A Sunday in Brower Park
Brooklyn’s parks are the closest most neighborhoods get to a town square, a refuge for all across class and culture. Coming to you not from the fields of Prospect Park, but the smaller spots across the borough, “A Sunday in…” spotlights residents who turn to the commons — and asks what’s on their mind.
In the early ’70s, The New York Times wrote a story about a spike in shootings around Crown Heights’ Brower Park, which cops attributed to Rastafarians. “Some Rastafarians smoke marijuana,” the Times — always ahead of the curve — noted.
“Brower Park … is in an area that has seen the influx of many thousands of blacks and Puerto Ricans in recent years,” the 1971 article noted.
Brower Park is located in the middle of Crown Heights between Kingston Avenue and Brooklyn Avenue from east to west, and St. Mark’s Place to Park Place from south to north, next to the Brooklyn Children’s Museum. The park was named after George Vanderhoof Brower, Brooklyn’s parks commissioner of the late 1800s, when he died in 1929.
It’s changed a lot since 1971. On Sunday, longtime residents told the Brooklyn Eagle that the neighborhood is now changing again.
Jimmy Lee moved to Crown Heights around 1990. He has lived in Bedford-Stuyvesant, Park Slope, Bushwick and other areas in Brooklyn since he moved here from Alabama. Though he’s retired, Lee still does work for his landlord.
He comes to Brower Park on the weekends. “A lot of people I know who came to this park are dead and gone,” Lee said. “Peoplewise, it’s different. Look around you. Weren’t no white people, weren’t no Jews. It was a black people park.”
He said the park is less dangerous than it used to be in the 90s. “Now it’s beautiful. Peace and quiet,” he said, though the neighborhood still has its troubles.
“Somebody got killed down there a couple weeks ago. So it’s hot down there with cops. The guys still running who did it.”
Lee said he was stopped by a cop yesterday after high-fiving his friend. The cop asked Lee what his friend gave him when they high-fived. “He didn’t give me anything, though.”
“In the last 10 years the park has come up a lot,” said Melvina Williams, who was picnicking with her friend’s children Sunday afternoon. “Now they have more activities for the kids. It’s good for the neighborhood. A nice little park with nice people.”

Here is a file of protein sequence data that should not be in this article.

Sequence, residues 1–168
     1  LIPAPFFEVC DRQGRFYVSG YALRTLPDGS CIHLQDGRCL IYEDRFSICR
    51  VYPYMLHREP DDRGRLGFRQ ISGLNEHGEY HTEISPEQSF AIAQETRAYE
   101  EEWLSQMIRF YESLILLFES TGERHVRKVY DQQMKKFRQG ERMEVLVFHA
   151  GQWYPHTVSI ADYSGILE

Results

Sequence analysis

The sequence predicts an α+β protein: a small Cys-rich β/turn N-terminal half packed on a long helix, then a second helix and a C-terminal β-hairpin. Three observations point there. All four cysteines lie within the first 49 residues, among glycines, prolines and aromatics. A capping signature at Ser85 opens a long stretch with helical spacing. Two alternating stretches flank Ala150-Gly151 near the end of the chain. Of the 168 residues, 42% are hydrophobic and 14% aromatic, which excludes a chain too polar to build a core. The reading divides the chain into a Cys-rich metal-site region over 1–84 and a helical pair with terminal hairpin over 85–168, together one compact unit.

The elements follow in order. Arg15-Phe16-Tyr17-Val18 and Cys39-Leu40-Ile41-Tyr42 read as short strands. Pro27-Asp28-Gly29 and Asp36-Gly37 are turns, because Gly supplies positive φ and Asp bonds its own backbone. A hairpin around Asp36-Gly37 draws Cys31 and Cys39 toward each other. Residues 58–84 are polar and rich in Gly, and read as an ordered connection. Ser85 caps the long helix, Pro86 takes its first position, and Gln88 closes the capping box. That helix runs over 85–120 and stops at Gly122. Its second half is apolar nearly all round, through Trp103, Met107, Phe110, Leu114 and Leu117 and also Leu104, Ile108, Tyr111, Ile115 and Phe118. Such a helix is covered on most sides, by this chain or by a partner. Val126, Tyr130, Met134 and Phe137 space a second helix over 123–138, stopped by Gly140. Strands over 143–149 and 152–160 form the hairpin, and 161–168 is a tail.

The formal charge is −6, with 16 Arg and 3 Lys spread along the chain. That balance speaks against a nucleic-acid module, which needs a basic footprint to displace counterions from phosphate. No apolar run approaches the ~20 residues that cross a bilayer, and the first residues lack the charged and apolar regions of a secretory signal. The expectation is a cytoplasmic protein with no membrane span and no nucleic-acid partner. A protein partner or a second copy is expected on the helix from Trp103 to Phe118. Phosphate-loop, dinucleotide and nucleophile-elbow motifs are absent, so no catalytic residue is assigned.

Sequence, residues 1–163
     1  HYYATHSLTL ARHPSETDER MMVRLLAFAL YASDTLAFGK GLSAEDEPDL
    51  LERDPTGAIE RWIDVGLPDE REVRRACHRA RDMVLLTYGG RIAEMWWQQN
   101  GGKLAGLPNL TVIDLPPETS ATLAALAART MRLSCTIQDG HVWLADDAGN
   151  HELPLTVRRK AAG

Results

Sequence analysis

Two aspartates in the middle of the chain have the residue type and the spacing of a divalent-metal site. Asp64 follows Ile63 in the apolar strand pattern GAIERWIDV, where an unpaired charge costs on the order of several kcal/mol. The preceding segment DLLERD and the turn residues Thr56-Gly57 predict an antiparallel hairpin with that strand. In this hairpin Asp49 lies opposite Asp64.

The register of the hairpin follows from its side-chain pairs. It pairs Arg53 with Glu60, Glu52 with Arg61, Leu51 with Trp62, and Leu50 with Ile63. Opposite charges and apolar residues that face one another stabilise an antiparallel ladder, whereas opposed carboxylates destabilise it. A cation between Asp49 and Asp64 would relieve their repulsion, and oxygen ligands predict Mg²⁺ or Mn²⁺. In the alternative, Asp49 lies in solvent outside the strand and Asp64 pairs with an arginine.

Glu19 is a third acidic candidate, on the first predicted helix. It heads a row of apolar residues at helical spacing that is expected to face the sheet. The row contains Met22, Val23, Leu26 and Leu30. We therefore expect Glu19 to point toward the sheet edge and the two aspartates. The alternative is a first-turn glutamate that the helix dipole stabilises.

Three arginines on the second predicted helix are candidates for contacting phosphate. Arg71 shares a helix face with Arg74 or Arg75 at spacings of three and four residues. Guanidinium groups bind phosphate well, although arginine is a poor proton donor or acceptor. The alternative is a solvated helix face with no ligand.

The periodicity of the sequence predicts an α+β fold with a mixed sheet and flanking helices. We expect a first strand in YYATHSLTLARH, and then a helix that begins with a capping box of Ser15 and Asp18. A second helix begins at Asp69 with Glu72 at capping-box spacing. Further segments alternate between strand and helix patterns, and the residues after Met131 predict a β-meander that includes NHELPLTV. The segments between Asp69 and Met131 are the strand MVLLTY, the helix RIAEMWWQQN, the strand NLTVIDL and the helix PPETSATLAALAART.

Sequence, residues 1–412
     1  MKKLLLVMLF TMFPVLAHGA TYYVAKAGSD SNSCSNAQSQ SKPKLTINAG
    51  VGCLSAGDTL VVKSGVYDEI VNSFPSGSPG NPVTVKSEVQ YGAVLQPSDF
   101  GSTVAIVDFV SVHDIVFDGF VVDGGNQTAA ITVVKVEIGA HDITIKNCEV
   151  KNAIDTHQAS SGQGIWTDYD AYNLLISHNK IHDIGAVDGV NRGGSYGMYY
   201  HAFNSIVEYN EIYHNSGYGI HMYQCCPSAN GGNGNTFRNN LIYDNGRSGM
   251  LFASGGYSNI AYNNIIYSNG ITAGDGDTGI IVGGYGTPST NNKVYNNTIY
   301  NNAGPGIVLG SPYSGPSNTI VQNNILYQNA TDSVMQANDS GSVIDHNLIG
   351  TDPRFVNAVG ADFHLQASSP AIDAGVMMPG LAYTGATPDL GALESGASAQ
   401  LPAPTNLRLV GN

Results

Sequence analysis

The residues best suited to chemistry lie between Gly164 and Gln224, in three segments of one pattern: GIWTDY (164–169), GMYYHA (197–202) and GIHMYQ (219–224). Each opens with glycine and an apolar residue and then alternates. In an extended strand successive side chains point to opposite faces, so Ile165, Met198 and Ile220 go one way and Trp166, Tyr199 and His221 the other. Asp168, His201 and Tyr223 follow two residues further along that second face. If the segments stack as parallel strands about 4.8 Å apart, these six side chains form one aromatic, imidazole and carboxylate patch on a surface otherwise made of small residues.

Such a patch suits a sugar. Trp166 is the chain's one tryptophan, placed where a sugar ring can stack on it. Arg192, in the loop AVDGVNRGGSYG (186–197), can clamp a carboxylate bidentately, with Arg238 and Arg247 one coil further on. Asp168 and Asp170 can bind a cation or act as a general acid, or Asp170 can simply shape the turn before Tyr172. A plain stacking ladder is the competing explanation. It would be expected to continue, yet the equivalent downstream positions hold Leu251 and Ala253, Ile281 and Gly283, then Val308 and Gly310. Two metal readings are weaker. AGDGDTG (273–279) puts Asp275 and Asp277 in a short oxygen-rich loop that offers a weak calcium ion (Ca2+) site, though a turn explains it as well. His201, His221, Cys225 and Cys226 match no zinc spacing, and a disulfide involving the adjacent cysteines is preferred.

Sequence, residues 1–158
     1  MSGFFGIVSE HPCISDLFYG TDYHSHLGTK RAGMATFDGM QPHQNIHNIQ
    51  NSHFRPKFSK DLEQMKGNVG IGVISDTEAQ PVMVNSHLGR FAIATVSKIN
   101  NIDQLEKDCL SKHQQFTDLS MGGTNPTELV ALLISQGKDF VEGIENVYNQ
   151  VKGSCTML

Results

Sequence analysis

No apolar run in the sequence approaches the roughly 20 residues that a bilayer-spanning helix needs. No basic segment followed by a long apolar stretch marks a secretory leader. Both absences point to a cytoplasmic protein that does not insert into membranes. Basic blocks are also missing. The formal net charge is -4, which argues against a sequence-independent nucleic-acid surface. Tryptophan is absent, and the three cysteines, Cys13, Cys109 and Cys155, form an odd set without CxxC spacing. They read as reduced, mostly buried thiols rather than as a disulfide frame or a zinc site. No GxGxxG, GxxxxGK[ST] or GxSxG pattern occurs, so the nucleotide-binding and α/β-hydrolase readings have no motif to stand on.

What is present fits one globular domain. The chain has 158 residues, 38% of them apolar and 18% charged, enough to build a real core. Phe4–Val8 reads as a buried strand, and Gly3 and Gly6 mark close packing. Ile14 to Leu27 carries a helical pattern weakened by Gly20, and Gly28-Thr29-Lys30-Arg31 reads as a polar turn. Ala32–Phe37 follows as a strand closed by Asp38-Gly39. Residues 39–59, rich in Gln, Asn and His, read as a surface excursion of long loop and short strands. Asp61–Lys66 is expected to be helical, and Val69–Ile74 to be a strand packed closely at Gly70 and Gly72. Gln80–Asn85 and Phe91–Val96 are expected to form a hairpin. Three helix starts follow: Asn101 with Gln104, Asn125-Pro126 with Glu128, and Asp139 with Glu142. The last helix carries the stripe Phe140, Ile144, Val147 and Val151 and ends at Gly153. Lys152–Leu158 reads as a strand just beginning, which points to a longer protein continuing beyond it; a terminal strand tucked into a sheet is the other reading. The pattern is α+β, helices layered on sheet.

Her favorite thing about Brooklyn? “It’s the flavor. It’s so diversified; everyone can talk to each other”
Lahney Preston, a medievalist professor at Adelphi University, walked her dog in Brower Park Sunday while her kids were off at birthday parties. “I come here probably four days a week. I’ve lived in Crown Heights for nine years, and before that in Park Slope for a very long time. We were renting and we couldn’t afford anything in Park Slope. The minute we moved here, it’s just so much friendlier than it ever was in Park Slope.”
Rika and Etty
Rika has lived in Crown Heights for 16 years, though she spent the last year in Israel. “It’s very different there, talking from a Jewish perspective. You feel like they’re all your family.”
Though Rika likes Crown Heights, she prefers rural areas to cities. That’s why she comes to the park. “I like seeing how people work as a community. It’s becoming more recreational here.”
“We’re doing community service,” said Rhea Lopez, who lives in Poughkeepsie but comes to New York City every weekend to attend church at the Members Church of God International. “One of the advocacies of our preacher is to do good. So we’re doing community service.”
Lopez said she had never been to Crown Heights before, and didn’t know the name of the neighborhood. “It’s our first time here and it feels good to help out and also protect our nature.”
Brenton, who’s going into ninth grade, lives in NYCHA’s Albany Houses. He doesn’t have any big summer plans. “I might go to Virginia because the rest of my family lives there,” he said.
“I’m one year closer to getting out of school. I don’t like it because the subjects aren’t hard and it’s not a real challenge.”
Brenton, whose mom and sister are nurses, wants to be a surgeon.
“I’m just relaxing, starting my new job Monday, doing interior design,” said Anton Bashkaev. “I’m looking forward to my new job, very much so. I worked for an architecture firm until this Friday, so I get two days to recuperate,” he said. When he has free time, he likes to come play basketball at Brower Park.
Oscar Miller lives in Crown Heights during the warm parts of the year, and when it gets cold, he heads back to Jamaica, where he was born, so that his arthritis in his back doesn’t act up.
“Working conditions and living conditions is better [here] than Jamaica. When you’re here and you’re working, it’s good. Most people can’t get a job in Jamaica.
Miller lives with his daughter since he and his wife got divorced. They used to live in Canarsie, but Miller moved out. “I wasn’t happy, but for peace’s sake, I left the house.”
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